NIH recently altered their grant system that an R01 can have more than one completely co-equal PIs, with the idea of encouraging more collaborative projects, as the allocation of street cred for possessing an R01 only to a single PI created a disincentive for collaborative projects. The only possible advantage to submitting a multiple-PI R01 would be a better score from study section, if it perceives that the two PIs together have a much better chance of making the proposed studies work than with you alone as PI, such as if they each contribute some special skill set to the project, both of which will be heavily relied on. Whether having multiple PIs would help increase the likelihood of funding depends on your own biosketch and the biosketch of the other PI.
A new PI might, however, fruitfully think more along the lines of getting someone more senior to play an advisory/consulting role on application. This can be helpful with study section in feasibility assessment, but such a person should be play a non-PI consultant role on the application, not list any person months of effort in the budget, and make it clear in their Letter of Consultancy that they would simply be providing occasional advice/guidance as needed, but that you, the PI, would be truly running the research project. This person should *not* be your former post-doc mentor.
How about disadvantages to multiple-PI grants?
(1) Only if *both* PIs are new investigators is the application considered a "New Investigator Application", thereby receiving both special consideration at study section (this is not so helpful in practice) and, most importantly, special consideration for funding by the assigned Institute, as described above.
(2) You need as much money as possible for your lab. The maximum modular budget you can request is $250,000 for five years. So long as you have two or three substantial aims, study sections do not pay any attention to budgets equal to or less than a maximal modular. They know it is almost certainly going to be administratively cut substantially (up to 45% over the 4-5 year life of the grant) and consider a full modular budget to be "standard".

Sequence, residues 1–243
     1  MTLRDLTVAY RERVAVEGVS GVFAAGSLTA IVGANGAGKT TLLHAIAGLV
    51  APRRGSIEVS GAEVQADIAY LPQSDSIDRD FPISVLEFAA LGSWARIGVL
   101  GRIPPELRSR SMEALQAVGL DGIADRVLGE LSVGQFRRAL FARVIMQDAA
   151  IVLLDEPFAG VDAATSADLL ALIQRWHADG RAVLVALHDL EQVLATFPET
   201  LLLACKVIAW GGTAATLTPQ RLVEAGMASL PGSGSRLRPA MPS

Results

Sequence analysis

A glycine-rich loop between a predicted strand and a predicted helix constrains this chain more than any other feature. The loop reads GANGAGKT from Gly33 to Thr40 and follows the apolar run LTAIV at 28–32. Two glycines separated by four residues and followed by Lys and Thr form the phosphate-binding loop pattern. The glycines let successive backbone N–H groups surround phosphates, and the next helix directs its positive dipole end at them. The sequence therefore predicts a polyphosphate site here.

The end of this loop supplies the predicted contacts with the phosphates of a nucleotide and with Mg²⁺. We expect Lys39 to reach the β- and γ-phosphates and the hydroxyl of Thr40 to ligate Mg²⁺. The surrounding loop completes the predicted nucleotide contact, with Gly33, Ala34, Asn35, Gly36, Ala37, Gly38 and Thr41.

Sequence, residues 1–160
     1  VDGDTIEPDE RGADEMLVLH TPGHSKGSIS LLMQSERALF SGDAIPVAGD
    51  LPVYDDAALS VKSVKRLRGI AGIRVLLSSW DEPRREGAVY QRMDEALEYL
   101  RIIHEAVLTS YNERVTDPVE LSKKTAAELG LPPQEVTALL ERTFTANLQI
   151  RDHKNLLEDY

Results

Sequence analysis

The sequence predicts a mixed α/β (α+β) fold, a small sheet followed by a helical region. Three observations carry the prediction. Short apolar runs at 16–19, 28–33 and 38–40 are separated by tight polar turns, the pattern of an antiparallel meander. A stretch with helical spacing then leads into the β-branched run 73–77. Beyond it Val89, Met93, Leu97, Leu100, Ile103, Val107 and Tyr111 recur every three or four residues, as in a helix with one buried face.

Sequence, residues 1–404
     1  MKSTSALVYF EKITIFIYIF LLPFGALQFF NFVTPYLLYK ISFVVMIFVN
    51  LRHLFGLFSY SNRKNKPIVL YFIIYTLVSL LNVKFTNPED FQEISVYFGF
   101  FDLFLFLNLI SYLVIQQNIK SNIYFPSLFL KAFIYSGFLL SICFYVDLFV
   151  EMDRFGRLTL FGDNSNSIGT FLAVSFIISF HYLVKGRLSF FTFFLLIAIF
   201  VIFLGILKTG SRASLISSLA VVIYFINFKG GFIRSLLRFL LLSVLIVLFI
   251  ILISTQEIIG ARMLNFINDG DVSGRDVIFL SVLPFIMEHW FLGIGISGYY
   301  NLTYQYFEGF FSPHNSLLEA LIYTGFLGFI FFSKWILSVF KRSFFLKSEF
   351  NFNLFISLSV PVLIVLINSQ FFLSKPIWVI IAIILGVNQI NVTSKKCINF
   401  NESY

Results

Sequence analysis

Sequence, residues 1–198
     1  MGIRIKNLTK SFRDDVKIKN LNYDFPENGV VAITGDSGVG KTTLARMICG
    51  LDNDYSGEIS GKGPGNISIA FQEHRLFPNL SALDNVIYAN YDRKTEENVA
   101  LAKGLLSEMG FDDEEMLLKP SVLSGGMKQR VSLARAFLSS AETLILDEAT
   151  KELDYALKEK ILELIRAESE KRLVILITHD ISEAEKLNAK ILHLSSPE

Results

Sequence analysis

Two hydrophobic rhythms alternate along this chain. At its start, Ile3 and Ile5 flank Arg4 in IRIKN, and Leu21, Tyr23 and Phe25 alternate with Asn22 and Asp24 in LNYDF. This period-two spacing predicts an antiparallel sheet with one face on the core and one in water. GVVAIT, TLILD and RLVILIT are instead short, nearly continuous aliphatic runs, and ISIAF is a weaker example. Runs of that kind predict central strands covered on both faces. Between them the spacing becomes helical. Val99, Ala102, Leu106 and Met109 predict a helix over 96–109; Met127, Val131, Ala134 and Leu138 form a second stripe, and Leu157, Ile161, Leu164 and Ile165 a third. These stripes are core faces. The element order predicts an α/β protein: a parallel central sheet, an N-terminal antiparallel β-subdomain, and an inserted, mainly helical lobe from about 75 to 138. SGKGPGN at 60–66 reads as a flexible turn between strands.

Don't even think of not asking for a full modular budget. If your aims seem to narrow to support a full budget, add some science. You need *all* of that budget for *you* and *your* lab. You do not want to share any of this money with another PI and her lab.
(3) You need to establish clearly that you are, indeed, a successful independent PI as soon as you possibly can. One of the key ways to do this is by successfully competing for an R01. If you only have successfully competed for a multiple-PI R01, it could raise the issue of how independent you truly are with people who will be reviewing other grants of yours, as well as assessing you in letters of recommendation for promotion and tenure.
The upshot here is that it is only under very rare circumstances that the benefit for a new PI of submitting a multiple-PI R01 application outweighs the costs.
So what should the new PI be doing? You should be submitting your first R01 application as soon as is administratively possible. Those people telling you, for whatever reason, to wait, wait, wait: ignore them. If you are an assistant professor, with your own lab and start-up, and you have published in a related area as a post-doc, then waiting is nonsense.
You need to get your R01 in line with those of the rest of the new investigators. As it goes through the review process--almost certainly more than once--you will have plenty of time to produce a lot more preliminary data and refine your specific aims in resubmissions.
PhysioProf even wrote his first R01 at the very end of his post-doc, before he even opened the doors to his lab. The preliminary data was almost all figures from shit he published as a post-doc. It got triaged (not discussed at study section or given a priority score), but the practice writing an R01 (even a shitty one) and the insight into the review process provided by the summary statement were hugely valuable even though PhysioProf never even resubmitted that grant.
Bottom Line: Your single most important goal (by a substantial margin) as a new PI is to obtain a single-PI R01, as soon as possible, as this is the minimum standard for a self-sustaining truly independent research program. This is both for purely fiscal reasons--paying for personnel salaries and research expenses--and for building a reputation sufficient to support promotion and tenure. NIH understands this, and has a system in place to do everything possible to help new PIs get that first single-PI R01, including, most importantly, dramatically looser paylines. You should be doing everything in your power to exploit that system.
UPDATE: DrugMonkey has reminded me that R01 applications of new investigators that are not scored highly enough for award, may be converted into a one-to-two-year R56 bridge award to help the new PI generate more preliminary data, refine her specific aims, and resubmit a more meritorious application. This only applies to R01s, yet another reason that the new PI should be focused on R01s, not R03s or R21s.